Steven N Blair Guest Blog
When comparing US deaths from low fitness and ‘Smokadiabesity’, remember that attributable fractions are based on the prevalence of the risk factor as well as the relative risk. In the Aerobics Centre Longitudinal Study (1) the smoking prevalence is substantially lower than in the U.S. (I think probably less than half the U.S. rate).
I do not know how much difference this would make, but I doubt that ‘low fitness’ – cardiorespiratory fitness would account for more deaths than smokadiabesity in national data.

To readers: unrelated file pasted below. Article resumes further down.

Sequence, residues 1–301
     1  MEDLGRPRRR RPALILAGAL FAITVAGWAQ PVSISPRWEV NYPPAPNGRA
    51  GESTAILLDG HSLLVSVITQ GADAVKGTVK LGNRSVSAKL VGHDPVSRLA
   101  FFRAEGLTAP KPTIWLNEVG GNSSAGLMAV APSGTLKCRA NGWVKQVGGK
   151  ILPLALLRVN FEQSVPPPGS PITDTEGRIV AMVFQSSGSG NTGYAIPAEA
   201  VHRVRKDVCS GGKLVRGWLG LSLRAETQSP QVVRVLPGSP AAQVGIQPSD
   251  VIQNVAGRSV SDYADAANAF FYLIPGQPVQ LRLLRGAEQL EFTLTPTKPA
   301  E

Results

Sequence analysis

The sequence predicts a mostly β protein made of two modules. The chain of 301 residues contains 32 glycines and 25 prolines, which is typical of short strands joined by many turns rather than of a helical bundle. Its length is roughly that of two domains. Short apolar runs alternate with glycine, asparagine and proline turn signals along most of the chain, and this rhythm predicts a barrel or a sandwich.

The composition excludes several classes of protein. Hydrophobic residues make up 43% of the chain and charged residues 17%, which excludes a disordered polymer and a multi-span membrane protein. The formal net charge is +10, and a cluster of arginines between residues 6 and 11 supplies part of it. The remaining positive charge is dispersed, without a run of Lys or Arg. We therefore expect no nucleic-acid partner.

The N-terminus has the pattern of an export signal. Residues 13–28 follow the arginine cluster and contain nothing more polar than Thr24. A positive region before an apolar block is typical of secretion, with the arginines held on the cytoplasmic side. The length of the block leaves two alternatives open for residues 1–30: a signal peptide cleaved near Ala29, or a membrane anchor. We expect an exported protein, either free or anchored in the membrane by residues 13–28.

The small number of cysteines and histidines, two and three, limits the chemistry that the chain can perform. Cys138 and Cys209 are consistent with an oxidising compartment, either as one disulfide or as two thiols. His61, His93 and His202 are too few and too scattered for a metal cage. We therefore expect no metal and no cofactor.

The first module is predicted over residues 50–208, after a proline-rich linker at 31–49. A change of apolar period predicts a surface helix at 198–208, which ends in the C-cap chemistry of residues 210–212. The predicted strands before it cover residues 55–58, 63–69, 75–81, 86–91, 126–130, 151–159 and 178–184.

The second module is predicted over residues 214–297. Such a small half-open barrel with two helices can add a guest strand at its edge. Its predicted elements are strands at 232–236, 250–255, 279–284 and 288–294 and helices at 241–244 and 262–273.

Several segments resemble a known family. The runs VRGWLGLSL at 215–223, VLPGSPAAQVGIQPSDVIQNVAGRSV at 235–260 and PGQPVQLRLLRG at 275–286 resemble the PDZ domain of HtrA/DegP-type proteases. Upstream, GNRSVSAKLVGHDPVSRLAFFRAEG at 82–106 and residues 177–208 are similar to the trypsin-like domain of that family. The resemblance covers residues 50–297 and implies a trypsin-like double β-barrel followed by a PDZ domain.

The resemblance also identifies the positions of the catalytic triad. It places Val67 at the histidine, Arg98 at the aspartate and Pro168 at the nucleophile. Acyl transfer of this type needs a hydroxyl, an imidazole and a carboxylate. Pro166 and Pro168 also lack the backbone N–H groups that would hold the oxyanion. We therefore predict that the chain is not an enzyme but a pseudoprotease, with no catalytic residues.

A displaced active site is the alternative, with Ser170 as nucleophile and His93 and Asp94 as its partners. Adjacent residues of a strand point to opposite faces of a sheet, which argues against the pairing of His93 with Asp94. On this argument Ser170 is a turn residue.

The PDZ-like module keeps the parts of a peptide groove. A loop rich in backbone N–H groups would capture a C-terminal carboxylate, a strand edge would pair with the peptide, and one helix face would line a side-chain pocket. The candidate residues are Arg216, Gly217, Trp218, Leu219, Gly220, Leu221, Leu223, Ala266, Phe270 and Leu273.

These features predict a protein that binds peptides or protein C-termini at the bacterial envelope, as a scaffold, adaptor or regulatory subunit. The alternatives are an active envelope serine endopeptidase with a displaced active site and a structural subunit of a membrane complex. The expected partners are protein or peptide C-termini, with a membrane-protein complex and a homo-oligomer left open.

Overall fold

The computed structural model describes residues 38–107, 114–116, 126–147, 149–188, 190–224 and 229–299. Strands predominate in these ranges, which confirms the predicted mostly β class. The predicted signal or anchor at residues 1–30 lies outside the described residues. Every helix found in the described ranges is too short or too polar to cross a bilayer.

I recommend we currently limit conclusions from the ACLS (1) to that setting and I recommend against extrapolating to the national population.
Khan, KM. 2009. Mid-year review: physical inactivity universally accepted as the biggest public health problem of the 21st century, shoulder exam challenges, and progress against the scourges of anterior knee pain and ACL injuries. BJSM, 43:469-470. (Free Online!)
Steven N. Blair is a Professor in the Departments of Exercise Science Epidemiology/Biostatistics at the University of South Carolina